ATP Cup adds to crowded tennis dates before Australian Open
Roger Federer won't be playing until the Australian Open, but the the summer of tennis Down Under ahead of the first Grand Slam of 2020 will be a little more hectic for everybody else.
Kicking off on Friday with the start of the new 24-team, Davis Cup-style ATP Cup in three cities across Australia, players will have a host of options to them on both the ATP and WTA tours.
Federer and Switzerland aren't involved in the ATP Cup, but No. 1-ranked Rafael Nadal and No. 2 Novak Djokovic will be representing Spain and Serbia, respectively. No. 3 Federer wants to spend more time with his family before the start of the Australian Open on Jan. 20 in Melbourne.
When the ATP Cup concludes on Jan. 12, Djokovic is scheduled to play at the Adelaide International, a joint ATP-WTA tournament that includes world No. 1 women's player Ash Barty of Australia. Also in that week across the Tasman Sea in New Zealand will be the ATP's Auckland Open.
The Brisbane International, formerly a joint ATP-WTA event, will be a women's only tournament this year with hometown star Barty among a group of headliners also including Australian Open champion Naomi Osaka, beginning next Monday.
Venus Williams, who had been given a wild card for Brisbane, pulled out with an undisclosed training “setback”on Wednesday. She still hopes to play in Adelaide.
Also on the WTA Tour, the ASB Classic next week has secured a bit of a coup with Serena Williams and Caroline Wozniacki, who will retire after the Australian Open, scheduled to attend and play singles as well as doubles together in New Zealand. The Hobart International will be played the same week in Australia.
The 38-year-old Federer, who has won 20 Grand Slam singles titles, is the only one of the top seven players in the men's rankings who will not be competing in the 10-day ATP Cup in Perth, Brisbane and Sydney.
"He's made the decision to spend some time with his family and he's obviously a lot more conscious of how much he's playing (as he gets older)," ATP Cup tournament director Tom Larner told the Australian Associated Press. "For everything Roger has given to the sport we're accepting of that."
Andy Murray will not be appearing for Britain, withdrawing following an injury setback after his return from hip surgery.
Australia will play in Brisbane with Germany, Greece and Canada. In the other Brisbane group it's Serbia, France, South Africa and Chile. In Sydney, Belgium, Britain, Bulgaria and Molodova comprise one group while the other contains Argentina, Austria, Croatia and Poland. Perth hosts the United States, Russia, Italy and Norway and another group comprising Spain, Japan, Uruguay and Georgia.
Kei Nishikori withdrew from the Japan team for the ATP Cup and from the Australian Open.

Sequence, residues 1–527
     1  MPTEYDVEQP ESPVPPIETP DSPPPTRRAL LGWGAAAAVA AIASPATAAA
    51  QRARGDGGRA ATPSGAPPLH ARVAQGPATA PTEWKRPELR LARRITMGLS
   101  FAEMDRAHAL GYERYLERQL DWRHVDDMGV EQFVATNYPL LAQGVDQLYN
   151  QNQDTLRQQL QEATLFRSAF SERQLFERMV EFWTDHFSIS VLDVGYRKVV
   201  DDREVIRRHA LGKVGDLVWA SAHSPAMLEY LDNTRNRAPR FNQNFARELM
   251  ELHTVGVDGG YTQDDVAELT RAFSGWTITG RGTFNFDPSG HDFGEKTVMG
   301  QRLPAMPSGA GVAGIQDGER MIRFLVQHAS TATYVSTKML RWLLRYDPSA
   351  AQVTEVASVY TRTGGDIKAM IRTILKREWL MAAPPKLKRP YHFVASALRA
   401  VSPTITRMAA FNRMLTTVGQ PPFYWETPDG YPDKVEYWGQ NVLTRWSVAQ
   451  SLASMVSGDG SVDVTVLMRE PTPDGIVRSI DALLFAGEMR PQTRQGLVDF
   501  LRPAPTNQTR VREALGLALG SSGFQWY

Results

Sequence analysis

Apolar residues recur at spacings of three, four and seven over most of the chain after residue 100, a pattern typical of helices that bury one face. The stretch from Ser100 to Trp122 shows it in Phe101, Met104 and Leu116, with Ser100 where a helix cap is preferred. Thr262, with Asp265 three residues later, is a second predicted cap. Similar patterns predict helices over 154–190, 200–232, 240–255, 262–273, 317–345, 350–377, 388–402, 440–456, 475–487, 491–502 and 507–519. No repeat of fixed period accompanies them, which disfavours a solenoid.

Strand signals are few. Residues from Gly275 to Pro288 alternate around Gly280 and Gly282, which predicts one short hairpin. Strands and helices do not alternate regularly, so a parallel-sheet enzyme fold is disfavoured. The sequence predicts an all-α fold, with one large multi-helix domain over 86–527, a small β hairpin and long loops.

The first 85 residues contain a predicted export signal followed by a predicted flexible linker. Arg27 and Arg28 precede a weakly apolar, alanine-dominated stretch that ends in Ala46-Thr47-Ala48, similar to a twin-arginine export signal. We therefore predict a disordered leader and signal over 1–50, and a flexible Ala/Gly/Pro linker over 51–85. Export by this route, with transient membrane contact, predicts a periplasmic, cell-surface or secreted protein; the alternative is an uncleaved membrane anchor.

"I am still not 100% ready to compete at the highest level," Nishikori said. He has not competed since the U.S. Open because of a right elbow injury that required surgery in October.
There are a number of innovations to be provided at the ATP Cup, including Team Zones, which will replace the player chairs near the umpire, and on-court coaching where the captain, coaches and players can offer input.
Each encounter will be best-of-three, three-set matches — two singles and a doubles. The six group winners plus two second-place countries go through to the final series in Sydney beginning Jan. 9.
World No. 15-ranked Denis Shapovalov, a member of the Canadian team which opens against Greece on Friday, questioned the timing of the ATP Cup so close to last year's new format for the Davis Cup, the long-standing men's international team competition. On Nov. 24, Nadal beat Shapovalov to clinch the Davis Cup for Spain in Madrid.
The 20-year-old Shapovalov said ideally there would be only one "world championship" of tennis.
“I think it is a little bit strange to have it at a similar time as Davis Cup,” he said. “It would be great just to have one event that is a world championship. It is a weird feeling playing a world championships then coming into another event that is pretty much the same thing. We will see how it pans out.”
There's no question in Nadal's mind about his objective for the new event.
“It's a tournament that we want to compete well in, and then we'll have a week before the Australian Open for me personally to practice and for some of the others to play in Auckland or Adelaide,” he said. "So we are very focused on trying to be ready for this competition.
“We are a team that gives the maximum.”
To add some extra appeal at the Auckland WTA event, longtime friends Serena Williams and Wozniacki will play doubles together for the first time. Former No. 1 Wozniacki who has started her season in Auckland every year since 2015, has made the hardcourt tournament the first stop of her short farewell tour.
The 29-year-old Wozniacki was diagnosed with rheumatoid arthritis shortly after she won the 2018 Australian Open and will retire from tennis after playing at Melbourne Park this month.
Williams, a 23-time Grand Slam singles champion and who was recently named the AP Female Athlete of the Decade, has not played doubles with anyone other than her sister, Venus, since the Fed Cup World Group playoff in 2015. Her last WTA tournament in doubles without Venus was in 2002.
By the time the weekend of Feb. 1 and 2 rolls around — the finals of the women's and men's singles championship at the Australian Open — the victors may not have been the ones who played best during the two weeks at Melbourne Park, but those who best managed the fast-paced tournament schedule leading up to it.